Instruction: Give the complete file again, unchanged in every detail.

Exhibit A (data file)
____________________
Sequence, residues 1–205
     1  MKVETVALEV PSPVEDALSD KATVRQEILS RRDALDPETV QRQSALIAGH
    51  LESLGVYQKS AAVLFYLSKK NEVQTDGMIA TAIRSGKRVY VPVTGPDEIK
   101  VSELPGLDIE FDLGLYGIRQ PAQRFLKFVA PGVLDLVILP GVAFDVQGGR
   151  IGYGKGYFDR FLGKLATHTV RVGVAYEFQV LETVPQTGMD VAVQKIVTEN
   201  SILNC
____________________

Sequence, residues 1–205
     1  MKVETVALEV PSPVEDALSD KATVRQEILS RRDALDPETV QRQSALIAGH
    51  LESLGVYQKS AAVLFYLSKK NEVQTDGMIA TAIRSGKRVY VPVTGPDEIK
   101  VSELPGLDIE FDLGLYGIRQ PAQRFLKFVA PGVLDLVILP GVAFDVQGGR
   151  IGYGKGYFDR FLGKLATHTV RVGVAYEFQV LETVPQTGMD VAVQKIVTEN
   201  SILNC